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Open Access Publications from the University of California

Electronic, optical, and phononic properties of graphene, boron nitride, and related materials

  • Author(s): PARK, CHEOL HWAN
  • Advisor(s): LOUIE, STEVEN G.
  • et al.

Since the isolation of graphene, a single layer of carbon atoms in honeycomb structure, in 2004, this new material has gotten huge attention from communities in physics, chemistry, materials science, and engineering not only because the charge carriers of graphene show neutrino-like linear energy dispersion as well as chiral behavior near the Dirac point but also because graphene is considered to be a promising candidate for nano- and micro-scale electronic and spintronic device applications.

On the other hand, a hexagonal sheet of boron nitride has a similar honeycomb-like structure, except that the two different sublattices are occupied by boron and nitrogen atoms, respectively. Notwithstanding its structural similarity to graphene, a hexagonal boron nitride sheet is an insulator with a large bandgap and is considered to be useful to optical applications such as ultra-violet lasers.

In this work, we investigate the electronic, optical, and vibrational properties of graphene, hexagonal boron nitride, and related materials such as nanotubes or nanoribbons from first-principles calculations as well as from simple model considerations.

In the first chapter, we briefly review the methodologies used in our work such as density functional theory, the GW approximation, the Bethe-Salpeter equation method, and density functional perturbation theory.

In the following four chapters (2-5), we discuss the calculated spectral features of graphene and compare the results mainly with recent angle-resolved photoemission experiments. In our work, we have explicitly taken into account the effects of electron-electron and electron-phonon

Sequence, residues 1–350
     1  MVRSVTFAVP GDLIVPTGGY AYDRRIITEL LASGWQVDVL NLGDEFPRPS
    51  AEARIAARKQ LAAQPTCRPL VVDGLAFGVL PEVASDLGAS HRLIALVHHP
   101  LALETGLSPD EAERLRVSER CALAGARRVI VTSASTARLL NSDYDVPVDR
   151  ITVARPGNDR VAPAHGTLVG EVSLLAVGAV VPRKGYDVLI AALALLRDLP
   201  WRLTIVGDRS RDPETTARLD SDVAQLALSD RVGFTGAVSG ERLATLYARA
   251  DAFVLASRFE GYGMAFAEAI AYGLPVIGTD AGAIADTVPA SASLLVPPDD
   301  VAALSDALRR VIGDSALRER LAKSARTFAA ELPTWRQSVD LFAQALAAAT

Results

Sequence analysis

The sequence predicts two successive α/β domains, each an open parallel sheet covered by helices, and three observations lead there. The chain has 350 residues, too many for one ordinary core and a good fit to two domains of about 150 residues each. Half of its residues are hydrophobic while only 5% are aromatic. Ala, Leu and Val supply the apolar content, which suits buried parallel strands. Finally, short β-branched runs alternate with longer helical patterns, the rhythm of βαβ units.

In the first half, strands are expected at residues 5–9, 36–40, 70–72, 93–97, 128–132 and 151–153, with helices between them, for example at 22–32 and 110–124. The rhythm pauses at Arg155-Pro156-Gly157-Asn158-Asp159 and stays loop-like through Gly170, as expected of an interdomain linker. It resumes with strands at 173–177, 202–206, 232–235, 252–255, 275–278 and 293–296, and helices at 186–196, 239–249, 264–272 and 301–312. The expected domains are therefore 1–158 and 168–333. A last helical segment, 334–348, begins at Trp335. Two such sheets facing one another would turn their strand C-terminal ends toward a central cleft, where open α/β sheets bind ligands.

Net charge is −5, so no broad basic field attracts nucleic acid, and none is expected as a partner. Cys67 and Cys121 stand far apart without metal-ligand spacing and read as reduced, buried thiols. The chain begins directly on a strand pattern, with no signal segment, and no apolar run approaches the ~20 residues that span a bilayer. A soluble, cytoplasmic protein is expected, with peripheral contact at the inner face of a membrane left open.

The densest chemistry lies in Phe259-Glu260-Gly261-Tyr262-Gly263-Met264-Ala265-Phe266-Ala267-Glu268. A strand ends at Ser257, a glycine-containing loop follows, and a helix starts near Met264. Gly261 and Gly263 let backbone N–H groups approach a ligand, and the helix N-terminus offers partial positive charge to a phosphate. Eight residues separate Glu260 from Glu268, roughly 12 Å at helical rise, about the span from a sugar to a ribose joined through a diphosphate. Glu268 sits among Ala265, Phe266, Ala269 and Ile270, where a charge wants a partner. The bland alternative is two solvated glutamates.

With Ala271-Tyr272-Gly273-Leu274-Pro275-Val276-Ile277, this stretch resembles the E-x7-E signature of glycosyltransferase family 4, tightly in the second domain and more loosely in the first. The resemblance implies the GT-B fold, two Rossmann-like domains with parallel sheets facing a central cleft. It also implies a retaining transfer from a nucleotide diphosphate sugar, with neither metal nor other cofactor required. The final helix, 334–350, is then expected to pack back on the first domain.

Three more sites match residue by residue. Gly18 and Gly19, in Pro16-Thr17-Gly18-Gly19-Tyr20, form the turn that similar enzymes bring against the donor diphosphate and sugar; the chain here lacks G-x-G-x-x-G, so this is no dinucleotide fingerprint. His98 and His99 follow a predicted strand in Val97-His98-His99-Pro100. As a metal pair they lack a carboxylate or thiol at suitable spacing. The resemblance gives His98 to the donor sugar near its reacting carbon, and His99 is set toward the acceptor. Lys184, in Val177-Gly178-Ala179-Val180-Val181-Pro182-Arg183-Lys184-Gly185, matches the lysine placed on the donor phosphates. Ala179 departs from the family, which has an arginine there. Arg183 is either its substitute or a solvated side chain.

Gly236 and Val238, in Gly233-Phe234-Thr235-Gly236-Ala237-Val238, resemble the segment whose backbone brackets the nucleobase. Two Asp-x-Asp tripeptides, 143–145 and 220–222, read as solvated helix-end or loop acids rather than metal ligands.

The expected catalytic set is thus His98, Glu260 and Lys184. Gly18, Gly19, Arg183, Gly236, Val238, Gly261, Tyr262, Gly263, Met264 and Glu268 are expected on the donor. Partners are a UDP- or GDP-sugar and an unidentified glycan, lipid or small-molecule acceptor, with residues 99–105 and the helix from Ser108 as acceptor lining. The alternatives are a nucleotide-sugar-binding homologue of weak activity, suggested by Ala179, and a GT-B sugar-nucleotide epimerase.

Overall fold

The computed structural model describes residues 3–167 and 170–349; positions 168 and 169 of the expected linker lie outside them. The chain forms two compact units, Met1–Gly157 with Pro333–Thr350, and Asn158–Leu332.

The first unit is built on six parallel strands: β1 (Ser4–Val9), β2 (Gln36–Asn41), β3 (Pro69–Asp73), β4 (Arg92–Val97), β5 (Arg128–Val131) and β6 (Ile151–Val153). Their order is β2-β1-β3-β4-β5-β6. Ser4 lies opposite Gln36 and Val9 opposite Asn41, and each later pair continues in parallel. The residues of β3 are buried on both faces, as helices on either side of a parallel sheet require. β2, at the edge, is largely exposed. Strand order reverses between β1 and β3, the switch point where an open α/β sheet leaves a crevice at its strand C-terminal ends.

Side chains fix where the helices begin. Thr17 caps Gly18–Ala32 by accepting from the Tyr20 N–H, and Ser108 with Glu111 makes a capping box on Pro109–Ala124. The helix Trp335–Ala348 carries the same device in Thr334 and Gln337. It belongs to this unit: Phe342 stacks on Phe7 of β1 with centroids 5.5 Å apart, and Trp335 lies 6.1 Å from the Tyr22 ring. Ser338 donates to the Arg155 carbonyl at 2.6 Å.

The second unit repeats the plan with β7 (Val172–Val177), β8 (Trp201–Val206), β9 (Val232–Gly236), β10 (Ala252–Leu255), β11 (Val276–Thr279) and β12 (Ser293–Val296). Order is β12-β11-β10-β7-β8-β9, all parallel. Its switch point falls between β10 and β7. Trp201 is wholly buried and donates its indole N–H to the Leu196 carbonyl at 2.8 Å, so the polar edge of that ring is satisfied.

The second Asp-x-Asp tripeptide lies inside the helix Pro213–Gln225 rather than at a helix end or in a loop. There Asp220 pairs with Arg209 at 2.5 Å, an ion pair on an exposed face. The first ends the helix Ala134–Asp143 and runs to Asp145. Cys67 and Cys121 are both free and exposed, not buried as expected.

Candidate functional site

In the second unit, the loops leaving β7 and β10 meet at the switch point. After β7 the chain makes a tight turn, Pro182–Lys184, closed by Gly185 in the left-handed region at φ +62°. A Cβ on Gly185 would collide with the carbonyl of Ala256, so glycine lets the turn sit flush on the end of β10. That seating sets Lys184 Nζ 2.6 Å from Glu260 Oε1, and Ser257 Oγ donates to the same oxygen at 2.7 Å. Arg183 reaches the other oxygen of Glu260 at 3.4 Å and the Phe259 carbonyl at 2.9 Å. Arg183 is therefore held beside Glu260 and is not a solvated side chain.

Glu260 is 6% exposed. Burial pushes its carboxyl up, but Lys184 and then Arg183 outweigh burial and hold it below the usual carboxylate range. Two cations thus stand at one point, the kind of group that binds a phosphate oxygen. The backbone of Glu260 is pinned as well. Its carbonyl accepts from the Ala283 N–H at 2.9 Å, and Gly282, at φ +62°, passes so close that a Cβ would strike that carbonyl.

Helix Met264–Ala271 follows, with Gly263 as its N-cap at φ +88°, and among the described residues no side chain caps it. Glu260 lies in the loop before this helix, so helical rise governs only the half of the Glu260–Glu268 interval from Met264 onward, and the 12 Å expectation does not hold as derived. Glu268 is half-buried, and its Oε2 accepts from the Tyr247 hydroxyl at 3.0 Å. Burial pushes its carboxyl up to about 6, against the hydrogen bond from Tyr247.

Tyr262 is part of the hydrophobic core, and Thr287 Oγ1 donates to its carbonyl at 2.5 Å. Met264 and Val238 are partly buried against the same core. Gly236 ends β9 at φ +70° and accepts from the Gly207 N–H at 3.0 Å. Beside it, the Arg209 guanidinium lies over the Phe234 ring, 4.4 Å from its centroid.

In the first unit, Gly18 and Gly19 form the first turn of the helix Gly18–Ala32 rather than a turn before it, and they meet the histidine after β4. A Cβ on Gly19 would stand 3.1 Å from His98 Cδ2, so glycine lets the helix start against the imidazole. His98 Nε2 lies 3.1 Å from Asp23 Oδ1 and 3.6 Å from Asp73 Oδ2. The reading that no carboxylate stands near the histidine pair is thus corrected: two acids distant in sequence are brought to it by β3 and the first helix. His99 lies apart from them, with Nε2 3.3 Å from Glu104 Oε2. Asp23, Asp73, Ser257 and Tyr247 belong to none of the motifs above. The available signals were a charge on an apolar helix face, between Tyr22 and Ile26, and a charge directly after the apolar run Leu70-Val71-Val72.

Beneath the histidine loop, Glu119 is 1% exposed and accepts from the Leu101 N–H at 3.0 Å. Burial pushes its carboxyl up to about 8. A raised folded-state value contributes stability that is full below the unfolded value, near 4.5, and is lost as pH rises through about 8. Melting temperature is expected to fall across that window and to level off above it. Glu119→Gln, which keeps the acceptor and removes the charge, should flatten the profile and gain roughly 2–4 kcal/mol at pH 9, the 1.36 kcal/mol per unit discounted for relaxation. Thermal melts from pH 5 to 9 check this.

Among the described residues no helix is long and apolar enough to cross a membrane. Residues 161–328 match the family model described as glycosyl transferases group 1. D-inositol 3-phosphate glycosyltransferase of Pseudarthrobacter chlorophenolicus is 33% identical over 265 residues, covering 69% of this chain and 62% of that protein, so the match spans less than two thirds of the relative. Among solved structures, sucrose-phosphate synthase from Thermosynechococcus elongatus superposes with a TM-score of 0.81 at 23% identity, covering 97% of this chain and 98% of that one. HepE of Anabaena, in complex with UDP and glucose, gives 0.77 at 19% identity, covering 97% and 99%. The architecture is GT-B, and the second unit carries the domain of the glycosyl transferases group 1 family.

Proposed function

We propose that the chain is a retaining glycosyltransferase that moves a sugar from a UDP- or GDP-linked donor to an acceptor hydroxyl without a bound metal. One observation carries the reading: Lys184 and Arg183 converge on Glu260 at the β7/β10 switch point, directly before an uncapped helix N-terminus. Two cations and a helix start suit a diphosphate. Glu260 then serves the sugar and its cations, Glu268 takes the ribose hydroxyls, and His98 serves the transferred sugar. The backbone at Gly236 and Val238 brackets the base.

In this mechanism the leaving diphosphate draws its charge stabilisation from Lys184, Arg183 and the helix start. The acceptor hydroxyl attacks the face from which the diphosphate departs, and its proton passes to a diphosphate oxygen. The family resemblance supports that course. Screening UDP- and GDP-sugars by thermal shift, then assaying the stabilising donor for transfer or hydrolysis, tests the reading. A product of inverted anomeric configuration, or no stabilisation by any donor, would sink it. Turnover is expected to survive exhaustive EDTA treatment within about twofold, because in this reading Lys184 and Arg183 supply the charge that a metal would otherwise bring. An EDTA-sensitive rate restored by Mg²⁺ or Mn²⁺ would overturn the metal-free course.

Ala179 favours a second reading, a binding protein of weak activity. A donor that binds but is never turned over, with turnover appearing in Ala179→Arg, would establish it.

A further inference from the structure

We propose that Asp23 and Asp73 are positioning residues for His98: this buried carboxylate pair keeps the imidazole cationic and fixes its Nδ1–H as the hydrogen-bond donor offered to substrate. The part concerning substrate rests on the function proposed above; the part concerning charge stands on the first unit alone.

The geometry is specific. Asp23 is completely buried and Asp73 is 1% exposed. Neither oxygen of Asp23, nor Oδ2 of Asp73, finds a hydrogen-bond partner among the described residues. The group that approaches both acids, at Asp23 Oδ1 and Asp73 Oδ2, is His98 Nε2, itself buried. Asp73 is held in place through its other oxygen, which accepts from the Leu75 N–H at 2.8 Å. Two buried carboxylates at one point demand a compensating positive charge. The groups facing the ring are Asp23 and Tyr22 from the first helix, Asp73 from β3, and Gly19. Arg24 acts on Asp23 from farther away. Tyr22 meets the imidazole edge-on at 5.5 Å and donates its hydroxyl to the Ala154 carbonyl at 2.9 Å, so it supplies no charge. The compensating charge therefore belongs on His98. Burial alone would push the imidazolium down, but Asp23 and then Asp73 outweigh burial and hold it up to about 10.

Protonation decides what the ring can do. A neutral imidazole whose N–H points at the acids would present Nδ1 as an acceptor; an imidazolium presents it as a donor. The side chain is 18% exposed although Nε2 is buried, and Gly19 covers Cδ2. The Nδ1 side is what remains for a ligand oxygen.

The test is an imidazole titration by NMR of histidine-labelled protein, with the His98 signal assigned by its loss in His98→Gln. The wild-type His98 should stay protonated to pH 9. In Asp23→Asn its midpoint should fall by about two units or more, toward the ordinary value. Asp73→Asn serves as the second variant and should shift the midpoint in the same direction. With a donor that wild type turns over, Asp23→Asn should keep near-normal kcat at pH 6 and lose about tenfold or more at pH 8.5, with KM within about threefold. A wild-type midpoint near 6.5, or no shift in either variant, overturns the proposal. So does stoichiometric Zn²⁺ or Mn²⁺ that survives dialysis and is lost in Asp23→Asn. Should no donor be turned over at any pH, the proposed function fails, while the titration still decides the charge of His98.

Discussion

interactions from first-principles. Our calculations reproduce some of the key experimental observations related to many-body effects, including a mismatch between the upper and lower halves of the Dirac cone and the non-trivial energy dependence of carrier linewidths on the binding energy.

The following three chapters (6-8) are on bilayer graphene. In chapters 6 and 7, we discuss the effects of many-body interactions on the dynamics of electrons and phonons in bilayer graphene, in similar ways as in chapters 2 to 5. We show that the interlayer interaction between the two graphene layers change electron-phonon and electron-electron interactions. In chapter 8, we discuss the excitons in biased bilayer graphene. We show that bound excitons qualitatively change the optical response of this novel material.

In the following four chapters (9-12), we discuss the interesting behaviors of charge carriers in graphene subjected to an external periodic potential. For example, we show that the carrier group velocity is anisotropically reduced and that, under certain conditions, electrons can be supercollimated. We also discuss newly generated massless Dirac fermions in graphene superlattices as well as their signatures in quantum Hall conductance measurements.

In chapter 13, we discuss the possibility of generating massless Dirac fermions in a conventional two-dimensional electron gas with an external periodic potential, i.e., a way of making artificial graphene.

In the last four chapters, we discuss several different aspects of boron nitride compounds. In chapter 14, we present the calculated electronic energy bandgaps and effective masses of boron nitride nanoribbons and their changes in response to a transverse electric field. In chapters 15 and 16, we discuss excitons and optical response of boron nitride nanotubes and bulk hexagonal boron nitride, respectively. Finally, in the last chapter, we discuss a novel behavior of electric dipole moment reversal upon hydrogen passivation in boron nitride as well as other III-V or II-VI compound nanostructures.

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